It was the summer of Flower Power, the summer the Beatles first blew our minds
with Sgt. Pepper's Lonely Hearts Club Band. It was the summer the Woodstock
generation had its coming-out party at the Monterey International Pop Festival,
and the summer Scott McKenzie instigated a vast pilgrimage of youths to San Francisco
when he sang that period's countercultural anthem, penned by Papa John Phillips:
"If You're Going to San Francisco" (Be Sure to Wear Flowers in Your
Hair)." It was indeed the Summer of Love.
ideals that came out of those bygone days have not gone unnoticed by Walther
Productions, which is warmly remembering this anniversary season with the
staging of Summer
of Love ... 35 Years Later this weekend at Marvin's Mountaintop in Masontown,
WV, 15 miles Southeast of Morgantown. So if you're going to West Virginia for
Labor Day Weekend, be sure to wear flowers in your hair.
of Love ... 35 Years Later is a three-day, 20-band Labor Day Weekend experience
aimed at connecting the vibe of peace, love, and musical expansion that blossomed
during that monumental cultural moment in 1967 with the soundtrack of today's
cultural phenomenon - the jamband scene. Starting on Friday and continuing
through Labor Day, the festival features two sets of Dark
Star Orchestra recreating an entire Grateful Dead show Friday and Saturday
night. (Trivia Note: The Grateful Dead were on the bill opening night of the
Monterey Pop Fest.)
Also headlining are The Wailers, the Steve Kimock Band, Victor Wooten and the
Derek Trucks Band. The rest of the lineup includes Ray's
Music Exchange, The Alison Brown Quartet, the Kelly Bell Band, The Catfish Hodge Band, Psychedelic Breakfast,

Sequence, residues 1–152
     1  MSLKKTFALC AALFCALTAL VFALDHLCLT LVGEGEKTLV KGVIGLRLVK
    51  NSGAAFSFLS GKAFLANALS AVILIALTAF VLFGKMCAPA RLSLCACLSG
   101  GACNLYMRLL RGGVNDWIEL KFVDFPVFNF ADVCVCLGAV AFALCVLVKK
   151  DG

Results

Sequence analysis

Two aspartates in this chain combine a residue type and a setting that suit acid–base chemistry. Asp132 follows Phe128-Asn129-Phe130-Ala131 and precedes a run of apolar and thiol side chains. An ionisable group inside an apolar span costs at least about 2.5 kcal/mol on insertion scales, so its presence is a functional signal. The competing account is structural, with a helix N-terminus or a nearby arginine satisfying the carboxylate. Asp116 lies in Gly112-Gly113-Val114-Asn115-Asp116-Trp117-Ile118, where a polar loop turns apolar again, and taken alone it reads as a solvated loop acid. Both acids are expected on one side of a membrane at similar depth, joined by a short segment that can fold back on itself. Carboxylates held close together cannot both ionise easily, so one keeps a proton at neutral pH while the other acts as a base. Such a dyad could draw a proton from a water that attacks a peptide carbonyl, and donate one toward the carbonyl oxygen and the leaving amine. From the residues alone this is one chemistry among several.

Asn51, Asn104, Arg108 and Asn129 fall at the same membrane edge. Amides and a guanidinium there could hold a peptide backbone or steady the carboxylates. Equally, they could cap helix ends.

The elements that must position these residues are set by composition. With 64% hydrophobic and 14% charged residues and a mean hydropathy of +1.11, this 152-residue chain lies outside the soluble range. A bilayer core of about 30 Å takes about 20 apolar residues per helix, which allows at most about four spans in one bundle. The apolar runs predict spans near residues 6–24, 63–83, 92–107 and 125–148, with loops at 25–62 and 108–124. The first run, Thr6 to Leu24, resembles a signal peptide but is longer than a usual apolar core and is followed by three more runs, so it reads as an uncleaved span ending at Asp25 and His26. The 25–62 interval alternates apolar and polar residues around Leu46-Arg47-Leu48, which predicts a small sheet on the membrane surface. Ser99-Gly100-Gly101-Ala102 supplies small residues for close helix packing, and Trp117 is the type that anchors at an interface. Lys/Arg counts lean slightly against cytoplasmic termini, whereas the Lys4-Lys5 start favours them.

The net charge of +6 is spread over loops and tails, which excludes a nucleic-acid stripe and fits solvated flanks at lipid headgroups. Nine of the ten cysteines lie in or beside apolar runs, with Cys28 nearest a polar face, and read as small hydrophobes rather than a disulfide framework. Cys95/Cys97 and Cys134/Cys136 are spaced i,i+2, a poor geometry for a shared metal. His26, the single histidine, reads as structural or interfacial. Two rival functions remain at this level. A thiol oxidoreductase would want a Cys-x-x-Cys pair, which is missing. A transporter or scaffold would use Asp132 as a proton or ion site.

Jacob Fred Jazz Odyssey, the Gordon Stone Band, ulu, Dr. Didg, Moon Boot Lover,
The Bomb Squad, Jabali Afrika, The Bridge, Guest and Keith & Joan Pitzer.
Summer of Love ... 35 Years Later is the only national celebration saluting
the enormous cultural impact of the unforgettable summer of '67. It pays homage
to the music festival movement launched by Monterey Pop and embedded in this
country's collective consciousness two years later with Woodstock.
bands we work with today are carrying the torch for what was initiated in the
late '60s -- particularly during the summer of '67," says promoter Tim
Walther. "'Summer of Love ... 35 Years Later' is a celebration of the personal
freedom and community spirit that we strive to keep alive at all of our festivals."
For Walther, the ultimate reaffirmation that freedom and spirit is still thriving
was personally witnessed this August, when he and his family were among the
tens of thousands who attended the long-awaited reunion of the Grateful Dead
in Alpine Valley, WI. Experiencing the familiar atmosphere surrounding this
historic event was the utmost endorsement of Walther's decision to select Dark
Star Orchestra as his festival centerpiece. Overall, the 20 bands that make
up the "Summer of Love ... 35 Years Later" display a keen diversity
that appeals to old hipsters and newcomers alike.
There is no doubt that for many, the original Summer of Love was a season to
treasure. Monterey Pop was the turning point when its musical soundtrack became
a world-class industry. The underground music movement emerged above ground,
and it was no longer just hippies who were growing their hair. As the music
industry was launched toward the corporate behemoth it has become today, it's
refreshing to know that the sense of communal freedom and improvisational spirit
that gelled that summer can still prevail.
Tickets are $60. A 1-day Sunday into Monday pass is $50. Gates open at 4 p.m.
Friday and close at noon Monday. Children under 12 admitted free with accompanying
adult. For details, call the Home Grown Music Network's Buzz-A-Band Hotline
at (919) 563-4936 or check the Summer of Love website at Walther-Productions.com.